Manipulate the individual phonemes in words to create new ones with this differentiated word-building worksheet.
Create a Word Chain, One Phoneme at a Time!
The ability to distinguish and manipulate the distinct sounds in words is a fundamental aspect of phonemic awareness.
This worksheet provides students with the opportunity to manipulate phonemes in order to create a continuous word chain. Starting with the targeted “start” word, students follow the directions to manipulate the phonemes in the word to generate a new word. This process continues and a word chain is formed.
Once the students have created their word chains, they are encouraged to read the word list to themselves or to a peer. There are stars at the bottom of the worksheet for students to color each time they read their word chain aloud.
All of the CCVC words included on the worksheet require the students to blend the letter l at the beginning of the word. The short vowel sounds for a, e, and i are represented in the word chain.
Easily Differentiate for Your Students
There are two differentiated versions of the worksheet included in the download.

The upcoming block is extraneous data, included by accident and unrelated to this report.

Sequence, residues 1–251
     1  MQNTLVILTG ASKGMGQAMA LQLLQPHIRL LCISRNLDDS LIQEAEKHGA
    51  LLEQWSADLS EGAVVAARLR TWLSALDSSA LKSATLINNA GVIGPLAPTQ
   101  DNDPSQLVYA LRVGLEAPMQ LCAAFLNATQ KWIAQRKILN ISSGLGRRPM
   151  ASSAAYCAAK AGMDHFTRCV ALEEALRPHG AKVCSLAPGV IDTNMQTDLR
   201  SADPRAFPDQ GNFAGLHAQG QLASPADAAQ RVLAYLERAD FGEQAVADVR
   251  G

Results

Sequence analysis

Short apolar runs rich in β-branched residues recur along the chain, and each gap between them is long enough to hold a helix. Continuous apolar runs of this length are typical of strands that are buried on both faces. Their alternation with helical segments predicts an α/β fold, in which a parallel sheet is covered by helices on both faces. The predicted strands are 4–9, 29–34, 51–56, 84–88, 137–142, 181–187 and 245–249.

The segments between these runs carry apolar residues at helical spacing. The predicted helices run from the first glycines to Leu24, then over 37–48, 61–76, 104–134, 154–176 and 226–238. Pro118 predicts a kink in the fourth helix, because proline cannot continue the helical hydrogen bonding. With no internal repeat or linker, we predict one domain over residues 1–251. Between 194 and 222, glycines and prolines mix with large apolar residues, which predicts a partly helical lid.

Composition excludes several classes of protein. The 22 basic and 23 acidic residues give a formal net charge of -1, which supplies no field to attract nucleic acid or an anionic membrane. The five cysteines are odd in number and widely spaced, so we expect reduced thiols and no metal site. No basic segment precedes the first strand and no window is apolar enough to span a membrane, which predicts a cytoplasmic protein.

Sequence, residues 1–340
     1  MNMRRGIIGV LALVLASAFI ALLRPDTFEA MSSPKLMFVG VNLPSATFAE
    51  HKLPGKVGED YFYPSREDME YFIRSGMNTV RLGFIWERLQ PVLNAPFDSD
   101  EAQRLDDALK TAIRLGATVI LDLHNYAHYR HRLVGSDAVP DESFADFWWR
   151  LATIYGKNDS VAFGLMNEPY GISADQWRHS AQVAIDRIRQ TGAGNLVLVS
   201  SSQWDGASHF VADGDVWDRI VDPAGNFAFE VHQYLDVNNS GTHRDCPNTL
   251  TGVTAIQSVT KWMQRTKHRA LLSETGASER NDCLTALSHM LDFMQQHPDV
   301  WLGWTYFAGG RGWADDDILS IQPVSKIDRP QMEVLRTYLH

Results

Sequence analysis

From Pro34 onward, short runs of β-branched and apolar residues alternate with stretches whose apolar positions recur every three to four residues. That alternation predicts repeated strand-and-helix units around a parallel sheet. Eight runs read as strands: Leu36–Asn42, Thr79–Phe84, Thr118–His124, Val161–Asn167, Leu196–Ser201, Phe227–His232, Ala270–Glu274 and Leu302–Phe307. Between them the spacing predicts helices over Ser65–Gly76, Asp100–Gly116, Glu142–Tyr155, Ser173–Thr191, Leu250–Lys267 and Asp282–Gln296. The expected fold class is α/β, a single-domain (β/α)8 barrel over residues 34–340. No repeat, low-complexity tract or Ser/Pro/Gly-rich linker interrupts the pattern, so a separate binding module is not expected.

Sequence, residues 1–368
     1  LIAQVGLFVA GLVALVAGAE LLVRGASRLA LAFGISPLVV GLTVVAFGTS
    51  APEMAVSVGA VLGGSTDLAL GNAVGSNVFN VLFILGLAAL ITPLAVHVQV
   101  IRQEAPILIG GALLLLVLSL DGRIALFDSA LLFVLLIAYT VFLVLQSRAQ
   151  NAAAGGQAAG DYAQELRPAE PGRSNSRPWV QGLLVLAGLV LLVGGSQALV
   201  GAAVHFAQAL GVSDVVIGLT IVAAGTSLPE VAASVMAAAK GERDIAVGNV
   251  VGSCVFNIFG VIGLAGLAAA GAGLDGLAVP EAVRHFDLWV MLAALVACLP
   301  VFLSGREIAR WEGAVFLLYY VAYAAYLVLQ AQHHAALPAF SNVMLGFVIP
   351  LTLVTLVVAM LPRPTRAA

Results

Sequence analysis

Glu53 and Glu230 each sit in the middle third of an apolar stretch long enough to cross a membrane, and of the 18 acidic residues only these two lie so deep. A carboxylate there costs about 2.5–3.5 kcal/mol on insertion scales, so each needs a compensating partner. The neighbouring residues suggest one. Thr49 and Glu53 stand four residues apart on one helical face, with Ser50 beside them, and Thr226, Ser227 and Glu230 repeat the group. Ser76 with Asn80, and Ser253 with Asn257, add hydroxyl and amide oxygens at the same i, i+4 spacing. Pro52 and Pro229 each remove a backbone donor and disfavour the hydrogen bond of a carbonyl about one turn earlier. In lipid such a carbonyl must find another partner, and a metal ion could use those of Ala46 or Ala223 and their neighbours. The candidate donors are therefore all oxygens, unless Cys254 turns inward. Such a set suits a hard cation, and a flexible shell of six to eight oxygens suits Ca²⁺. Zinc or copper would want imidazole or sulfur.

- Version 1: No scaffolding is provided. The students simply write the new word created each time on the line provided.
- Version 2: Sound/letter boxes are provided showing all the letters/sounds in the new word (other than the phoneme that is changing).
Additional Uses of This Word Chain Worksheet
- Ask students to select 3-5 words from the worksheet to include in a short story.
- Ask students to create word families using a selection of words from the worksheet.
- Challenge more-capable students to create their own word chain for a partner to solve, using the worksheet as a guide.
Easily Download & Print
Use the dropdown icon on the Download button to choose between the PDF or Google Slides version of this resource.
As this resource contains an answer sheet, we recommend you print one copy, then photocopy the desired number of worksheets for your class.
You might also like to print a few copies on cardstock, then slip them into dry-erase sleeves. Students can record their answers with a whiteboard marker, then erase and reuse.
This resource was created by Alessandra Pastor, a teacher in Massachusetts and a Teach Starter collaborator.
Don’t stop there! We’ve got more great teacher-created resources for your students to practice working with phonemes.
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